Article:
gaoler

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English[edit]

Etymology[edit]

gaol +‎ -er

Pronunciation[edit]

Noun[edit]

gaoler (plural gaolers)

  1. (Commonwealth of Nations, dated) Alternative spelling of jailer
    • 1847 December, Ellis Bell [pseudonym; Emily Brontë], chapter XXIII, in Wuthering Heights, volume (please specify |volume=I or II), London: Thomas Cautley Newby, [], OCLC 156123328:
      The Grange is not a prison, Ellen, and you are not my gaoler.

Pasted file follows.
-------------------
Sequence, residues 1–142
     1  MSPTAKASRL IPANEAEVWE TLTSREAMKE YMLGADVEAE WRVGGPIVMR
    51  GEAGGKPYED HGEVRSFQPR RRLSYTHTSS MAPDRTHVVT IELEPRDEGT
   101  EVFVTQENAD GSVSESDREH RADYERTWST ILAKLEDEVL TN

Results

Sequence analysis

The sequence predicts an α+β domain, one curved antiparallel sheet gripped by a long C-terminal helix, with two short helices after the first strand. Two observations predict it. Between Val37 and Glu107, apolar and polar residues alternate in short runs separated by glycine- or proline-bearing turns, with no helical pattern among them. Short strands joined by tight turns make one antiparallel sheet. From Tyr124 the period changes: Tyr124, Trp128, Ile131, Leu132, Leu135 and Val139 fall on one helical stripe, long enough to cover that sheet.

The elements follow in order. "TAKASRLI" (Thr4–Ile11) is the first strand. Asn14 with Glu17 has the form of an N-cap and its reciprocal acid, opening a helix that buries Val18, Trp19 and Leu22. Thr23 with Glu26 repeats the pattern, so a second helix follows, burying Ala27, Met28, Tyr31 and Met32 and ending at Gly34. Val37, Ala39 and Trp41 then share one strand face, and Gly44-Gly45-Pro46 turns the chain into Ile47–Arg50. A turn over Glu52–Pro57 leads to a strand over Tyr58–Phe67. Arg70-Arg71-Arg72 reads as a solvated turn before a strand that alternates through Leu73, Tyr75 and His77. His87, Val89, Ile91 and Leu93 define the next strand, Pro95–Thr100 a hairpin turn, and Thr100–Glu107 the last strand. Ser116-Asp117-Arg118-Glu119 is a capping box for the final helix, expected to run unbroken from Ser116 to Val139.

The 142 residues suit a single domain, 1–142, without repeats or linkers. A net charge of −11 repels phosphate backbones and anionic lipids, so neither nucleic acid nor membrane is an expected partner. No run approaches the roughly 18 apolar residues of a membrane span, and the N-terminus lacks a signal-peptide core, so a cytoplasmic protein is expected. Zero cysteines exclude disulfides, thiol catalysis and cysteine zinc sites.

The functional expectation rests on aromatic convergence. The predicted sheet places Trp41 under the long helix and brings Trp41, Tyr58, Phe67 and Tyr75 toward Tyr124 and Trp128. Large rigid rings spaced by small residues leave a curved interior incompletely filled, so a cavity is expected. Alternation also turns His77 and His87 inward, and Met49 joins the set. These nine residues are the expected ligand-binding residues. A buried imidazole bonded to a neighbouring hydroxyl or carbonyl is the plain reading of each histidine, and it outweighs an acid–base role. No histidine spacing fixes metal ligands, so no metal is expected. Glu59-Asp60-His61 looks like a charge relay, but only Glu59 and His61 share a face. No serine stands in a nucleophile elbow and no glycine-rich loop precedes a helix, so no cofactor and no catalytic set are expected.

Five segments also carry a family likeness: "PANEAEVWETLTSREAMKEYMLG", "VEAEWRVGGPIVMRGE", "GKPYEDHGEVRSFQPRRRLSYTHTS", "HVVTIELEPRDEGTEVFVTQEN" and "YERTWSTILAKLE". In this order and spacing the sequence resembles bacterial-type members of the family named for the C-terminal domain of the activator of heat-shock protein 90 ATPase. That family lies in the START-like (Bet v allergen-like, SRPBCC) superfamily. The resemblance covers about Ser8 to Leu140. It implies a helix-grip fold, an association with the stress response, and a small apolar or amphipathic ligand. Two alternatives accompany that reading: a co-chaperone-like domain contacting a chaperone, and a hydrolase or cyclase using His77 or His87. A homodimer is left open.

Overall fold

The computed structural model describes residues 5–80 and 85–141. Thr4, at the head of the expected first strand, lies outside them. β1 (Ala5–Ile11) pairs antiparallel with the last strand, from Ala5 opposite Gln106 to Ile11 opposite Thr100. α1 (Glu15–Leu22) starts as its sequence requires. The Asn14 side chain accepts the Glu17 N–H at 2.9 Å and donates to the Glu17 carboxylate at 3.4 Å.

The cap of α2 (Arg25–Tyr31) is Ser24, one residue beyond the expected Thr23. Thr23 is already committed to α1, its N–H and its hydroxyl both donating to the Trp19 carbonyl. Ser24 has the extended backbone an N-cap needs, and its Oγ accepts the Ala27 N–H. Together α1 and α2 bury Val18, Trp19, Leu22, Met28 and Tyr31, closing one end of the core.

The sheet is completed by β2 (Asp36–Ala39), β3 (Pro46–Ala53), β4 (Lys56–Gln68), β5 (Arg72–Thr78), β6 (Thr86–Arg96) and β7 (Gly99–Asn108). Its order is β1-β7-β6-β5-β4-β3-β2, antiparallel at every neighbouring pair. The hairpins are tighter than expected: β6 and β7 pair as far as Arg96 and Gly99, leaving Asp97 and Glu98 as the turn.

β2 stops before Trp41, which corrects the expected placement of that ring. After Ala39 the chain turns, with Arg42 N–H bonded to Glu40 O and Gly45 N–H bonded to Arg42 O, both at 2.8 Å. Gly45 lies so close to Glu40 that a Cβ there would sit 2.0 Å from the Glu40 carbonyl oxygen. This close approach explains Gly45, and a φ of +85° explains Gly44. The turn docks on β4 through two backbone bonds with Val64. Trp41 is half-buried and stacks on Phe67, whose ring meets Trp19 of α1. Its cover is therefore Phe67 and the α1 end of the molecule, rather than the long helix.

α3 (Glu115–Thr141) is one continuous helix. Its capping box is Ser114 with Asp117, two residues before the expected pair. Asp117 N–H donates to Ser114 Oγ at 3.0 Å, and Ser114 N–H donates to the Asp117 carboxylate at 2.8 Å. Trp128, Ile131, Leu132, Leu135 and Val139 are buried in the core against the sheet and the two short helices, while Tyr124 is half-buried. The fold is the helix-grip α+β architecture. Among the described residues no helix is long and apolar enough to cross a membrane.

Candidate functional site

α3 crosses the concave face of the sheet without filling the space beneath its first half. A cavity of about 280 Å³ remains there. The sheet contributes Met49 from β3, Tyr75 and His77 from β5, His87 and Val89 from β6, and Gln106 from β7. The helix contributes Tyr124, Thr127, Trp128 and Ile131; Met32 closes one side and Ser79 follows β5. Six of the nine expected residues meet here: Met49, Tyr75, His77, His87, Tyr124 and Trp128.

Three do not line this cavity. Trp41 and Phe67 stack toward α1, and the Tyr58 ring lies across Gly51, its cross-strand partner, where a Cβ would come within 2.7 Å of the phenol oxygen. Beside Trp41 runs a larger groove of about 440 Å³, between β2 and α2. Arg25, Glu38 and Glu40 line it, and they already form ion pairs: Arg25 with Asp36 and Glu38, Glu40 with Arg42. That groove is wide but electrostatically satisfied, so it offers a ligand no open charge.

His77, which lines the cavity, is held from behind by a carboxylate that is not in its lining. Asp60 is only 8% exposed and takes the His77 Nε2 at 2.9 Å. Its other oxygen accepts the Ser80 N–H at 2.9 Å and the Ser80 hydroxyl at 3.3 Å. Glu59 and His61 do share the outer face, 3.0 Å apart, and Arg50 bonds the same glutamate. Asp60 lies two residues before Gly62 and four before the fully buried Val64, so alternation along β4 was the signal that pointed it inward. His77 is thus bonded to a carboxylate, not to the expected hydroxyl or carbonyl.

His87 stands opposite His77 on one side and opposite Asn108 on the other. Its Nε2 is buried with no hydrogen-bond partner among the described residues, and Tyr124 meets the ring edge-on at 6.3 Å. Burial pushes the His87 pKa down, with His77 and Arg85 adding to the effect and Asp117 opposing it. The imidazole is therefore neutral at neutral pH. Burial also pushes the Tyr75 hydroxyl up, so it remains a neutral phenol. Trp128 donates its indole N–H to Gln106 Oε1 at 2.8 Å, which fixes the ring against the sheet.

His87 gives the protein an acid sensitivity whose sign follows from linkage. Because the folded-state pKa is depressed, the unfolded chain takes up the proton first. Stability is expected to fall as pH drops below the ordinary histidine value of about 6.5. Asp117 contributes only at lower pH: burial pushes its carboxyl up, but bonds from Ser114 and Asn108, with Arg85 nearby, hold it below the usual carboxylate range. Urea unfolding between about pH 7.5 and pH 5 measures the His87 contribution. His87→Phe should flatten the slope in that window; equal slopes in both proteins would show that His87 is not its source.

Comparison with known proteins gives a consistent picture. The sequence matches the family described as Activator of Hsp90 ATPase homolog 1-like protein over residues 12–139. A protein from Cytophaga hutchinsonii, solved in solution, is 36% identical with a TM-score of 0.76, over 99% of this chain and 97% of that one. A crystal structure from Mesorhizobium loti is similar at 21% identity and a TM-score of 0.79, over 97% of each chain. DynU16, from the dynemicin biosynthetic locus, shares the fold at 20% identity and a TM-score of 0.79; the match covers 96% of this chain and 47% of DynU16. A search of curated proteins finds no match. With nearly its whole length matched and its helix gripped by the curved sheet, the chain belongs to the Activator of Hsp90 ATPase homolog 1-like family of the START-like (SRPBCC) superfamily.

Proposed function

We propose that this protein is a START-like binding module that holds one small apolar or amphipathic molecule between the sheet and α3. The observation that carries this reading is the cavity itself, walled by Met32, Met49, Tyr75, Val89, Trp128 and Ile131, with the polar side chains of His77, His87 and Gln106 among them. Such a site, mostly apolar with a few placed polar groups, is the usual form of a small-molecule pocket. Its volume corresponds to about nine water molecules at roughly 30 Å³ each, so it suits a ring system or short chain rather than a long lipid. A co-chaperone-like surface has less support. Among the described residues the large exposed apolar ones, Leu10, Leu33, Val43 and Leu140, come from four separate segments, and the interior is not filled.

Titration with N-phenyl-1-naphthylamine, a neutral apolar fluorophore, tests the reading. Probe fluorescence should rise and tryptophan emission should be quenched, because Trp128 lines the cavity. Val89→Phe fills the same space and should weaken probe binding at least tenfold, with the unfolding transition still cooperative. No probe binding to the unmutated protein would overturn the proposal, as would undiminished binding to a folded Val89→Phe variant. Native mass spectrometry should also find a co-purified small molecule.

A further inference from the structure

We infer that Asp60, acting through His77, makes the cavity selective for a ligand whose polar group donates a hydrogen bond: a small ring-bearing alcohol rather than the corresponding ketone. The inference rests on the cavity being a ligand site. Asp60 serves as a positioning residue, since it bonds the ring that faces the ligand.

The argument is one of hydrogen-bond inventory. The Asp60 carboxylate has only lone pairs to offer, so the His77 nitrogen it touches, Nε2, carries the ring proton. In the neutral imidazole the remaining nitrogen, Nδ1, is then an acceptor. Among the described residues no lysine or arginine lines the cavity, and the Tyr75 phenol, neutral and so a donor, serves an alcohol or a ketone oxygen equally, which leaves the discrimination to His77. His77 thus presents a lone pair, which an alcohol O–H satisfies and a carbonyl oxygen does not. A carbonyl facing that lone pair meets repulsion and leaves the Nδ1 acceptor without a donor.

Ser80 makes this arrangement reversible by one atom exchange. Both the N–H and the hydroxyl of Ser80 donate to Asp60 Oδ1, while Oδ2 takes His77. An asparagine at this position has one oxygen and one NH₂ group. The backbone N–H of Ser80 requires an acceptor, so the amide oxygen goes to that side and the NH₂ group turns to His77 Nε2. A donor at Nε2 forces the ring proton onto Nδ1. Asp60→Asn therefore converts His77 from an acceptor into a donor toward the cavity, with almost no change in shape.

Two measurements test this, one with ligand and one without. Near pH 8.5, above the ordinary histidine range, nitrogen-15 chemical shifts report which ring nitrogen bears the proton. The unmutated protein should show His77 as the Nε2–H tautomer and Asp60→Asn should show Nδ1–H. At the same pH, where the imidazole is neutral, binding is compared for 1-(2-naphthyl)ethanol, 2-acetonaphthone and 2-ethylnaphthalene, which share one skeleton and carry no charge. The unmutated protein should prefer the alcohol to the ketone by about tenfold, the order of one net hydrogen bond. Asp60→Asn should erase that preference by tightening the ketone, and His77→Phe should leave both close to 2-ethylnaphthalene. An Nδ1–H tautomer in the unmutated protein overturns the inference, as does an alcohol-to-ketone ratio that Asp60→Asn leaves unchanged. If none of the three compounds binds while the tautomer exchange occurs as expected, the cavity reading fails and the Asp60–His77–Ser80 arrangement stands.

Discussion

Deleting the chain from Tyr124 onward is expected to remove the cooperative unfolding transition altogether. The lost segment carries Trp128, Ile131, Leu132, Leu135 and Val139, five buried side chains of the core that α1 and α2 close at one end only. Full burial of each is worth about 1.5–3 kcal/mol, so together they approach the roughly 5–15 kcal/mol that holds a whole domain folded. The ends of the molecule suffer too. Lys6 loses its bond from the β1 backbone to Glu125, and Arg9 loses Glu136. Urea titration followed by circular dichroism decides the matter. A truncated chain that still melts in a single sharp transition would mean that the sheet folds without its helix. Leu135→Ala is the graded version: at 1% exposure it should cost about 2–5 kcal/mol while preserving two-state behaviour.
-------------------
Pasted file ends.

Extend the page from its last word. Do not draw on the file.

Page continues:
• 1890, William Booth, chapter 7, in In Darkest England and the Way Out[1]:
      One very important section of the denizens of Darkest England are the criminals and the semi-criminals. They are more or less predatory, and are at present shepherded by the police and punished by the gaoler.
    • 1966, James Workman, The Mad Emperor, Melbourne, Sydney: Scripts, page 41:
      A gaoler struck him, pushing him back in place in the hopeless, helpless line of prisoners.

Anagrams[edit]